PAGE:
WHEN: Saturday, October 15 1:00 PM EST WHERE: SPARTAN STADIUM, EAST LANSING, MI LAST MEETING: MICHIGAN STATE 44 - MINNESOTA 38 ALL TIME: MICHIGAN STATE LEADS 24-14
(EAST LANSING) - Coming off a closer than expected win over Illinois, Michigan State is hoping to build on their 2-1 Big Ten record, but their opponent, the #19 ranked Minnesota Golden Gophers have loftier goals.
The Gophers have visions of Pasadena, CA in their eyes despite last week's loss to Michigan 27-24 when freshman quarterback Chad Henne engineered a two minute drive for the winning score to perfection.
"We will forget about [last week's] game and get ready for Michigan State," said Minnesota defensive tackle Anthony Montgomery. "We know we can't come out flat."
Meanwhile the Spartans are evolving into a far different team than they fielded a season ago. Rather than being a spread team that throws the ball all over the field, the Spartans are surprising opponents with their running game.
The Spartans are averaging 194.3 yards per game, second only to, guess who? Minnesota.
"They give you problems," Gophers coach Glen Mason said. "If you don't watch out, you become too consumed with trying to defend all aspects of the pass on every play, and they kill you on the run."
Minnesota has two tailbacks, Lawrence Maroney and Marion Barber III, averaging over 100 yards rushing per game. As the Spartans look ahead to their next four games against nationally ranked teams including Minnesota, crosstown rival Michigan, Ohio State and Wisconsin, they realize if they want to at least split these four they need to upset someone.
``Ready or not, here they come,'' Michigan State coach John L. Smith said. ``They get tougher from here on out, so we've got to get tougher from here on out.''
WHEN MINNESOTA HAS THE BALL: The Golden Gophers love to run the football. Ranked third in the nation in rushing, the Gophers dynamic duo of Lawrence Maroney and Marion Barber III wear down opposing defenses with their ability to run between the tackles and speed to get to the corner.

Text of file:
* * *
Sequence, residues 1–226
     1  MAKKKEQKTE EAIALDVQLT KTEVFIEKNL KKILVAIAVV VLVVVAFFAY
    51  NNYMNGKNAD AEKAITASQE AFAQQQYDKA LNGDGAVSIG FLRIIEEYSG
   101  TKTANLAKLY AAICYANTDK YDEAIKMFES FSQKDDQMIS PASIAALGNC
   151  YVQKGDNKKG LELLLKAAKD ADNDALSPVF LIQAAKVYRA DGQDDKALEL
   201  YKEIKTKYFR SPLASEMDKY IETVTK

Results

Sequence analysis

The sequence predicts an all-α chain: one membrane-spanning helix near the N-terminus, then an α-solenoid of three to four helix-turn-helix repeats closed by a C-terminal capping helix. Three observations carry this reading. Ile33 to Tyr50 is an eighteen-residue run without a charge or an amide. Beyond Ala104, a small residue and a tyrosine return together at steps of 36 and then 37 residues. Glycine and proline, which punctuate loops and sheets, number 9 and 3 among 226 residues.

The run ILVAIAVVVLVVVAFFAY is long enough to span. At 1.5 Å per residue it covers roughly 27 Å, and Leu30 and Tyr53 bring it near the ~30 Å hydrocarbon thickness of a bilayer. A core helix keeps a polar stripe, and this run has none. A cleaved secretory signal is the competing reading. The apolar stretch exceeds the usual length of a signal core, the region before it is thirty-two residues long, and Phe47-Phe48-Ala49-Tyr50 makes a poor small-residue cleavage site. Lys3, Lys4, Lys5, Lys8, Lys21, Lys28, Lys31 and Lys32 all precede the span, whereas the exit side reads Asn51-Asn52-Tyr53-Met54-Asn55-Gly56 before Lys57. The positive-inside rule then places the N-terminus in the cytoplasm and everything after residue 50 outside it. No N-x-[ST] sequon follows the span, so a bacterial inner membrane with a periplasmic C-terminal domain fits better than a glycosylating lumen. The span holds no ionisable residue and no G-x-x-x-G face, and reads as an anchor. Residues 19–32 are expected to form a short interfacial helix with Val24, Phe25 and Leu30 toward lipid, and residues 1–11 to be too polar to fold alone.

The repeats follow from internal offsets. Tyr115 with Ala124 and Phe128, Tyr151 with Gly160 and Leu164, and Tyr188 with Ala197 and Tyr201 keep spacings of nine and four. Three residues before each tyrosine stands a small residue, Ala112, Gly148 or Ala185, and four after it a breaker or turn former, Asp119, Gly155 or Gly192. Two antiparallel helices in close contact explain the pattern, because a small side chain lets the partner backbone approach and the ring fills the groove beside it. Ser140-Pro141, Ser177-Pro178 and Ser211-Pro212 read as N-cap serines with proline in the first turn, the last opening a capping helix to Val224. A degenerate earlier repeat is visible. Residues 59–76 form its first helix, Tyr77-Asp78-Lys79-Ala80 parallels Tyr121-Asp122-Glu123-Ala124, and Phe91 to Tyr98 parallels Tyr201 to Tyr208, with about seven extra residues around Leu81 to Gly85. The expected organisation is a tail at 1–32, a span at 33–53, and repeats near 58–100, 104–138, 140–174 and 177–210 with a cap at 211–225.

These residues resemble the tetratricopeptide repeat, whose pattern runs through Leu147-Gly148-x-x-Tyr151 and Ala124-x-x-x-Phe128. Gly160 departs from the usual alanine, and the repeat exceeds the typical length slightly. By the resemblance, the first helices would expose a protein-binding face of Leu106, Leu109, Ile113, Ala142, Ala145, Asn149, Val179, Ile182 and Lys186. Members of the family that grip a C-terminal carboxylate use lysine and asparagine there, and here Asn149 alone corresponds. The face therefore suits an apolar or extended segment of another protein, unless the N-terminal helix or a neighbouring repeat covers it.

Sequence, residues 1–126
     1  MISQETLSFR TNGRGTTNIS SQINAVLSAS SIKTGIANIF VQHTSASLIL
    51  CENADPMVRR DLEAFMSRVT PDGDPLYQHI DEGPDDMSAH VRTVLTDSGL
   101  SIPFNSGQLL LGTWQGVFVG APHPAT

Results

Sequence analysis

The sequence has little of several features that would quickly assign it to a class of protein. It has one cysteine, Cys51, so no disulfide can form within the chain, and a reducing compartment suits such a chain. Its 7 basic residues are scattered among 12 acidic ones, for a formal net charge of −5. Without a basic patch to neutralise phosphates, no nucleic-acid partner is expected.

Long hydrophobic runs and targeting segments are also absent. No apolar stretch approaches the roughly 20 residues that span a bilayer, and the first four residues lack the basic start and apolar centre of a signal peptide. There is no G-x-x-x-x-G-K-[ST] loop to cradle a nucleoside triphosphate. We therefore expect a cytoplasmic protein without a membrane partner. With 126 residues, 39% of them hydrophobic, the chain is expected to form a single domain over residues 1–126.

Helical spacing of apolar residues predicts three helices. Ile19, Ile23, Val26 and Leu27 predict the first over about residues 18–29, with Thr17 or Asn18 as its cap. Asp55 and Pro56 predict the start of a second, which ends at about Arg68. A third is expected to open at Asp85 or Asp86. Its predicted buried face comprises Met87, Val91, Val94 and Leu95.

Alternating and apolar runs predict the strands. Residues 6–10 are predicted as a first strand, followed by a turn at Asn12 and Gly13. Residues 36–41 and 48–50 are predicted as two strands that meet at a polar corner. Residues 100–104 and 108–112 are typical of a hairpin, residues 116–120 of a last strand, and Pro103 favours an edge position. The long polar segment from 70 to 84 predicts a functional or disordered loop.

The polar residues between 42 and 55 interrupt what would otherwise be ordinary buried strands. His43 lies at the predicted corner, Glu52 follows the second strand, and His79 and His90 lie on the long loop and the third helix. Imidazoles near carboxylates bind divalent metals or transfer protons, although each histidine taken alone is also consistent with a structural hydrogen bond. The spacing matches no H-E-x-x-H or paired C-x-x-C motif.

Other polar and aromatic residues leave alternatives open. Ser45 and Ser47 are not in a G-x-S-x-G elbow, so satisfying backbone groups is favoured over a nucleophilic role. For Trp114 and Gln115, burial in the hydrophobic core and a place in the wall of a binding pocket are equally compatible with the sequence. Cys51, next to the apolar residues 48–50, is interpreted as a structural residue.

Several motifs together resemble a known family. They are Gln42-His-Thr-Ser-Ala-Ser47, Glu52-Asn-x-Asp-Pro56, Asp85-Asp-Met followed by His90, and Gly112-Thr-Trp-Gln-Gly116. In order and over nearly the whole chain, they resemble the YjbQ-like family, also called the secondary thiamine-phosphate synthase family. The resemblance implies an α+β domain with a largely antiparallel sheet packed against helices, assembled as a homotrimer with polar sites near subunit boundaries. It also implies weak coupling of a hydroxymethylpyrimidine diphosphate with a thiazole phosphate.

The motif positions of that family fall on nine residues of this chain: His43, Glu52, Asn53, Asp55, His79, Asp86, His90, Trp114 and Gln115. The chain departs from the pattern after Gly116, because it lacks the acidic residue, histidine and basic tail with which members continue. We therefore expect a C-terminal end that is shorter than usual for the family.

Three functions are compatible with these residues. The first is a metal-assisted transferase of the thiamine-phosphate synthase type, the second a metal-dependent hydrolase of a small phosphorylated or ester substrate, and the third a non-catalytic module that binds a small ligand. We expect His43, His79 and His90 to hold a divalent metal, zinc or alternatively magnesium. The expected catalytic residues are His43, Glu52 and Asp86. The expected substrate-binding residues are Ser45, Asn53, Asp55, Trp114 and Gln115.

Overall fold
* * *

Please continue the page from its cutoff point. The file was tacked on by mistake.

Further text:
Maroney led the way in the Gophers narrow three point loss to Michigan by rushing for 145 yards, including an 80-yard touchdown scamper, while Barber chipped in with 10 yards on 14 carries and a six yard touchdown plunge.
The Minnesota rushing attack sets up play action passing for first year starter Brian Cupito. Cupito has been steady (8-of-22 for 156 yards, 36% completion rate vs. Michigan) but unspectacular. When the Gophers go to the air, Cupito looks for junior wide receiver Jared Ellerson.
Ellerson caught six passes for 83 yards and a touchdown in a losing effort to Michigan. Meanwhile, freshman Ernie Wheelwright had his coming out party a week earlier against Penn State when he led the Gophers in receptions with three for 76 yards.
The Spartans want to keep the offensive line off middle linebacker Ronald Stanley so that he can roam free and make tackles at the line of scrimmage.
While doing so they have to get better pass coverage in the underneath zones by corners Jaren Hayes and Rod Maples. If they allow Cupito and his receivers to play 'pitch and catch' by backing 12 yards off the line of scrimmage and backpeddling, it could be a long day for the Spartans defense.
WHEN MICHIGAN STATE HAS THE BALL Michigan State has to hope for a hot hand from quarterback Drew Stanton. Stanton, while completing 61% of his passes on the season, has yet to have the big passing game that the Spartans spread offense would dictate.
Stanton has been more effective moving the Spartans by running the football, but last week against Illinois, with his high school teammate Agim Shabaj back in the lineup, the two hooked up five times including one for a touchdown.
Stanton made a point of singling out Shabaj as one of the reasons for MSU offensive outburst. While Shabaj may be a security blanket of sorts, he needs to look to freshman Terry Love, who is emerging as a sure handed chain mover and big play wide out Matt Trannon.
It's time for John L. Smith to unleash freshman Jehuu Caulcrick, the most talented of MSU running backs. Caulcrick's brusing style can wear down opposing defensive lines and help MSU to keep the football away from Minnesota's potent run game.
INTANGIBLES Michigan State's special teams are capable of turning the game, but punter Brandon Fields needs to shake off the funk that cost MSU nine points a week ago on a botched field goal hold and a blocked punt. If Fields can keep Minnesota pinned in their own zone, it give MSU a distinct advantage. Minnesota put so much emphasis on finally beating Michigan, will they have a hang over the way they did a season ago? What will happen if Minnesota's run game stalls? Can Cupito win a game by himself against a Big Ten team? Can Michigan State gets some pressure on the first year signal caller?
Michigan State really shouldn't be in this game at halftime, but strange things happen to Minnesota after Michigan week. Look for Stanton to connect with Shabaj and Love while Caulcrick and the running back by committee keeps the chains moving. The Spartans defense stuffs the Minnesota running game and the Gophers can't throw it.
A huge upset. Michigan State 27 - Minnesota 23